• #10
                    We had a sleepwalking scout for a few years. They would put bells on his tent zipper and on his ankle so if he got up someone would hear him. cause he did it over the course of years and the whole troop had a plan for what to do when they heard the bells. His tent mate was usually a light sleeper who would hear the bells and take care of it by encouraging him to lay back down and he'd go right back to sleep. they'd always set up camp so his tent was furthest away from an hazards (roads, drop offs, rivers) just to make it a little easier to head him off before something happened.


                    • #11
                      I was told at a camp that a boy had sleepwalked right over to a gully and over the edge. I think it was 60 feet. Not a scratch on him and woke him up as well. The camp then put up a railing and does not have any tent sites near there. I shared this with a fellow dad and he laughed and said that his son sleepwalks as well. Gotta love that o-well attitude! I do like the bells idea and a plan in advance though.


                      • #12
                        as someone with night terrors working with doctors to find correct medication and find things to help lesson them has helped. if I slept walked - I'd work on learning what could wake me and use it outside of tent to wake me (bells, rocks at tent door to step on, or the like) I just do a lot of tossing and turning and saying "no" don't scream thankfully, but my tentmates know and know how to wake me up by calling me a particular name.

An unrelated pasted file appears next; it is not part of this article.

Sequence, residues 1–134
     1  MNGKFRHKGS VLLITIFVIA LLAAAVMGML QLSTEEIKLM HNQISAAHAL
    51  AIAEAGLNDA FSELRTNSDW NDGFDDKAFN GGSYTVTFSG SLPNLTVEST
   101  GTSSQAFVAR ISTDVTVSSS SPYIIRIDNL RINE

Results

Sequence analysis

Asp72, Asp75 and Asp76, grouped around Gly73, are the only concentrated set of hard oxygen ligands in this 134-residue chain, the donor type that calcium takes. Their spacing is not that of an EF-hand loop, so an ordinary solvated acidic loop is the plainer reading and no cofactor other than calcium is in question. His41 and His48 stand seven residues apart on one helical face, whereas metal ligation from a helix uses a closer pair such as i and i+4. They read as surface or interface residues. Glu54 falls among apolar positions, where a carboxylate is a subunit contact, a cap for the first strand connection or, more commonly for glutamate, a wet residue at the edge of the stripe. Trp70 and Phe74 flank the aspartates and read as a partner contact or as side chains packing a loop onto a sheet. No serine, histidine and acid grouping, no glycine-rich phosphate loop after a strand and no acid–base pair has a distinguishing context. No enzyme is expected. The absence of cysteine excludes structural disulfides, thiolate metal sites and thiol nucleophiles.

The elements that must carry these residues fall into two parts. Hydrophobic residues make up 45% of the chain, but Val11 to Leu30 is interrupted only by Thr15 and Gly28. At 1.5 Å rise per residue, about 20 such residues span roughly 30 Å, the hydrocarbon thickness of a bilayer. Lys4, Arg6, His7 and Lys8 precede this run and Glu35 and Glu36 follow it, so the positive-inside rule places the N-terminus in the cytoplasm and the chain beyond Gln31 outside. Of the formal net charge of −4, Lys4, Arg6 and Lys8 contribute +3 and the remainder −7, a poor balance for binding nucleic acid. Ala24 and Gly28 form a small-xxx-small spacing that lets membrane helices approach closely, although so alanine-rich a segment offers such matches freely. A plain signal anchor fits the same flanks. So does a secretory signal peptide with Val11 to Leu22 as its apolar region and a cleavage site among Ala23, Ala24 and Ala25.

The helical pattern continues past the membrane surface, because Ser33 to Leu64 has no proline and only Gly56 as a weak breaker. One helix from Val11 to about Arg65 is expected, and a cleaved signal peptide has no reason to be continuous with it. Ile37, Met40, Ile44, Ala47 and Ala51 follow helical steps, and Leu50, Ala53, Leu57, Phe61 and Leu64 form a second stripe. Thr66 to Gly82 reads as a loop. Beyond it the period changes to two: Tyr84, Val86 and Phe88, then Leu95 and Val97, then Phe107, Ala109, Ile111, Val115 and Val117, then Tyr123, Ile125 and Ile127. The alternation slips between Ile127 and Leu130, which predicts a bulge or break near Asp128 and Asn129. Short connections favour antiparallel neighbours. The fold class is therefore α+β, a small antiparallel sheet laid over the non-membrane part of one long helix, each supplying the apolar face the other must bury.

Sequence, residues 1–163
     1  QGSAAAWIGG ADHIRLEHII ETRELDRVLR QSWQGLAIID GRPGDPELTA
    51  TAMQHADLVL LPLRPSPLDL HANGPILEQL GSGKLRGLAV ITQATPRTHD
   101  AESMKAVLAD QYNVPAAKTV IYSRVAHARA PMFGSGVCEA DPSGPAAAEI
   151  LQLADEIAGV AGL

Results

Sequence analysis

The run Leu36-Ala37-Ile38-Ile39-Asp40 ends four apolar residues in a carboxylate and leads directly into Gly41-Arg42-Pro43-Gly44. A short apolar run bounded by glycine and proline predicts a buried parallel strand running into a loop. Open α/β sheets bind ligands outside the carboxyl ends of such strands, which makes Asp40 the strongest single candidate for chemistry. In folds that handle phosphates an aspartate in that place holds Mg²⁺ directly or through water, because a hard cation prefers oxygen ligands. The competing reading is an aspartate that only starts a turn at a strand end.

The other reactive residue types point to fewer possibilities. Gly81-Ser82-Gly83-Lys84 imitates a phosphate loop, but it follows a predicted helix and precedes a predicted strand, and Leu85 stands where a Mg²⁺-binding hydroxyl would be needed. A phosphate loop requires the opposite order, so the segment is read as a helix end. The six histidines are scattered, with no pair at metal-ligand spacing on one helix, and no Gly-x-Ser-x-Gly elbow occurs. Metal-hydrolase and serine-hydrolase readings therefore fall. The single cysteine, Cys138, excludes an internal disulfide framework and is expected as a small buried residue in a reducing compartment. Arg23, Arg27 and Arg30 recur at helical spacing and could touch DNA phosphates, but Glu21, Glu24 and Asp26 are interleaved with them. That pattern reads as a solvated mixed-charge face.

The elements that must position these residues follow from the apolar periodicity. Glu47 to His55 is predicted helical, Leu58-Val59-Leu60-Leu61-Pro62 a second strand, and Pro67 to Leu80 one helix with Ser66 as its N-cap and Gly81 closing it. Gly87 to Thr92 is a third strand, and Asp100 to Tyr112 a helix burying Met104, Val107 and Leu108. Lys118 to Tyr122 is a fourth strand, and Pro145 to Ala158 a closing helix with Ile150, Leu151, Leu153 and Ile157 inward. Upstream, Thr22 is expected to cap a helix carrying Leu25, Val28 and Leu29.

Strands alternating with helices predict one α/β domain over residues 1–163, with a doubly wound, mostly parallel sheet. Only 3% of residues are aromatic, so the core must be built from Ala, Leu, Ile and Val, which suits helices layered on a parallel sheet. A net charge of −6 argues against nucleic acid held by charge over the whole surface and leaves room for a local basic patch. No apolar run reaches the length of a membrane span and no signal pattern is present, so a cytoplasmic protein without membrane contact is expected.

so keep eye on 'em find out what triggered it, if it's a one time thing or continues. if continues try things that would wake 'em and consult a doctor.

                        night terrors and sleep walking are somewhat similar and sometimes are just a phase some go through. other people it's a constant part of their life.

                        somethings that really make mine worse - being very tired (so I will take a nap if needed to help), being too hot (so I pack a battery fan and my tentmate has gotten use to keeping it cooler and will use her sleeping bag almost all weather and extra blankets in the winter), being touched (so we keep plenty of space between us)


                        • #13
                          Oh we get screamers all the time.

                          Yes my son was tarp camping on the edge of 1n 80 foot bluff when it was pitch black. I guess I should have planned better.

                          No sleep-runners, thank goodness.